The new law keeps former felony drug offenders “from being held hostage for a crime that they did and paid for decades ago,” said Rachel Cooper, a senior policy analyst for the Austin-based Center for Public Policy Priorities. About 3.6 million Texans receive food stamps through SNAP, according to the state Health and Human Services Commission, though the agency could not gauge the impact of the statutory change.
In Alabama, a law that goes into effect in 2016 eliminates the TANF ban, which the advocacy organization Alabama Arise says will make benefits available to the approximately 11,000 prisoners incarcerated on felony drug charges in Alabama’s prison system. The group noted that fully one-third of the state’s prison population is made up of persons jailed on felony drug offenses.
“We saw it as a justice issue,” said Alabama Arise policy analyst Carol Gundlach. “You can commit welfare fraud and homicide and still get welfare. That seemed fundamentally unfair and not the best for reforming our corrections system.”
In Missouri, Governor Jay Nixon signed legislation in June 2014 lifting the state’s ban on food stamps for former felony drug offenders, however the measure included provisions that require a completed drug treatment program or certification that treatment was not needed as a condition of eligibility, according to the St. Louis Dispatch. Additionally, offenders with three felony drug convictions – “three strikes” – would be banned for life from receiving benefits.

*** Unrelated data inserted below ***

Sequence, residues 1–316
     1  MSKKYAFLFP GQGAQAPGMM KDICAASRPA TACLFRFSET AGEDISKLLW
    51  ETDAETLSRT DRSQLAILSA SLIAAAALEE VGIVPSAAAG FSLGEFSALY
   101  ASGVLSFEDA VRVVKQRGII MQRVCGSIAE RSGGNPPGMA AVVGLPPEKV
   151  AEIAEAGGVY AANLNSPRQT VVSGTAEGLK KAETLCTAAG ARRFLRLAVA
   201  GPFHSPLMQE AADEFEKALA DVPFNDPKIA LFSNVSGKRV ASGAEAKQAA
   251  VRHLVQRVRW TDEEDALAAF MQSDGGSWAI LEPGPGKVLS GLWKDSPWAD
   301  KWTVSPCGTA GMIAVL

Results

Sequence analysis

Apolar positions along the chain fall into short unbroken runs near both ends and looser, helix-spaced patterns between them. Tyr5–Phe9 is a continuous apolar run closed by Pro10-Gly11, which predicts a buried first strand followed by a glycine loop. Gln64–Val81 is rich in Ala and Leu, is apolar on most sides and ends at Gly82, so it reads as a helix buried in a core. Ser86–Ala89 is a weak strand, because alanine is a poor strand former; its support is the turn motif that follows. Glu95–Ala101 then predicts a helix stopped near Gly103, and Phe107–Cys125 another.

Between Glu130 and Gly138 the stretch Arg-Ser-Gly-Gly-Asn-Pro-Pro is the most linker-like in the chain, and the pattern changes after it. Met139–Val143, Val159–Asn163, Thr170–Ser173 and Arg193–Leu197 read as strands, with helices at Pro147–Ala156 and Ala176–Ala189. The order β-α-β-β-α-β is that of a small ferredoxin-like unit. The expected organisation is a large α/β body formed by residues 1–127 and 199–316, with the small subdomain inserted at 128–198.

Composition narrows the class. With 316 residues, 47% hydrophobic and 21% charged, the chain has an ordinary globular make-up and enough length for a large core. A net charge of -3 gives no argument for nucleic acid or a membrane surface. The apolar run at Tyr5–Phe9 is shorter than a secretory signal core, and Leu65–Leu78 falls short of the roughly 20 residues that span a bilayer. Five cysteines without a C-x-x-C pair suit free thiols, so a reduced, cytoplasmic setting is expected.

“It’s harsh still, but it’s a lot better than saying if you get in trouble once you’re never getting any help,” Christine McDonald, an advocate for lifting the ban, told the newspaper. “Absolutely we need to know they’re clean.”
McDonald, who has a drug conviction herself, said the ban hurts families and hinders rehabilitation. “If you can’t feed yourself or your family, out of frustration you’re going to go back to the drugs, back to whatever criminal acts get the money for the drugs,” she said. McDonald left prison in 2004 and was denied SNAP benefits; today she runs her own non-profit organization, Christine’s Vision.
The California legislature passed a bill in June 2014 to allow people convicted of drug-related felonies to receive welfare and food stamps.
The movement is not universally popular, however. The Sentencing Project study found that around 10 states retain a full ban on benefits to former felony drug offenders, and in Pennsylvania there are efforts to reimpose a ban that the state had opted out of in 2003.
“During my time in federal law enforcement, many individuals were arrested for drug trafficking crimes, found to have large sums of money and were receiving welfare benefits,” said Pennsylvania state Rep. Mike Regan, who introduced a bill to reinstate the ban. “This is unfair to our residents who are in true need of assistance. This legislation should aid in preventing benefits from falling into the wrong hands.”